The move to active mobile video offerings will grow as entertainment bundling with mobile services becomes a must, according to the "2018 Economics of Mobile Programming Report" by Kagan, the media research group within S&P Global Market Intelligence. North American and Asian markets lead the charge in a shift to active mobile video markets. In both the Asia-Pacific and North/South American regions, 86% of operators offer mobile video services, followed by 71% in the Mideast and Africa region.
John Fletcher, principle research analyst with S&P Global Market Intelligence, said: "As 5G moves forward, over the next decade consumers will increasingly make a choice between wires vs. wireless for home broadband. And mobile network operators are already bundling video services alongside mobile phone services to not only retain existing customers but to position themselves as a future one-stop shop for home broadband and video services."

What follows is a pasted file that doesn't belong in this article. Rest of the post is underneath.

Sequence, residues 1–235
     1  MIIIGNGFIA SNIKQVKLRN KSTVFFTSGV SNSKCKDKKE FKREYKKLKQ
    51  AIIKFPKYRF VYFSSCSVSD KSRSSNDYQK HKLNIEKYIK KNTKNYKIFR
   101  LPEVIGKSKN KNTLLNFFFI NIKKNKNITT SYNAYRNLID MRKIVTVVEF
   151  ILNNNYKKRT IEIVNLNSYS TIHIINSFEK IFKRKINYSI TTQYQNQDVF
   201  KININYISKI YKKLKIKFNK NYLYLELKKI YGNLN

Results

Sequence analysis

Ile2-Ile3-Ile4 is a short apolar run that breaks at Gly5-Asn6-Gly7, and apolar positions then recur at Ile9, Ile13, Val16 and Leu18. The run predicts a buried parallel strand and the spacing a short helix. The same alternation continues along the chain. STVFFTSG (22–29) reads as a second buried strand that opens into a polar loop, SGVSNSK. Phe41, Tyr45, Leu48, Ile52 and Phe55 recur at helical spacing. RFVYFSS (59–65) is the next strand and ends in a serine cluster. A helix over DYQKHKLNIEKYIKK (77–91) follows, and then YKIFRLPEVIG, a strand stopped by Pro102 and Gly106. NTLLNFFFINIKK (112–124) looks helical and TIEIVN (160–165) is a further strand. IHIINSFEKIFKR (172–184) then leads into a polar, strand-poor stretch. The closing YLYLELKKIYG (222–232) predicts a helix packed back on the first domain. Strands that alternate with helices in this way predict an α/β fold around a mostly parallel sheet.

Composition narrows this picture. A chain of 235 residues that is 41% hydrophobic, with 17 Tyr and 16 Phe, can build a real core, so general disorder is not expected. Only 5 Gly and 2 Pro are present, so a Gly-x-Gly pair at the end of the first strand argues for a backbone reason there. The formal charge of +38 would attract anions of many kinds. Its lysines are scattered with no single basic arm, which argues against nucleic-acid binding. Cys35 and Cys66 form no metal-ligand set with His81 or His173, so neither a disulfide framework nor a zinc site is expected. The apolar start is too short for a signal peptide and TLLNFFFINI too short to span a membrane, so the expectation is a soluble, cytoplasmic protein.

The report reviews how mobile network operators (MNOs) across the world are approaching video services. Of the 159 global mobile operators reviewed in this year's report, 64% offer a mobile video service directly or via partnerships. Europe has the fewest mobile video services available at 28%, due in part to concerns over net neutrality rules.
Other findings indicate:
- In the United States, Verizon and T-Mobile are both poised to launch new mobile video services that may mirror AT&T's initial digital video offerings, DirecTV NOW and WatchTV.
- Mobile video services in Europe are most prevalent in markets where competition among operators is highest. In those markets, carriers looking to attract new customers offer access to mobile video or OTT services at discounted rates for a period of time. Those types of value-added services are uncommon in countries where competition in the mobile industry is less intense.
- With approximately 176 million 4G users (and rising), in the six Latin American countries covered in the report, mobile network operators that are able to create their own OTT video service have a lot to look forward to.
- After the Chinese government blocked YouTube in 2009, local video streaming platforms flourished.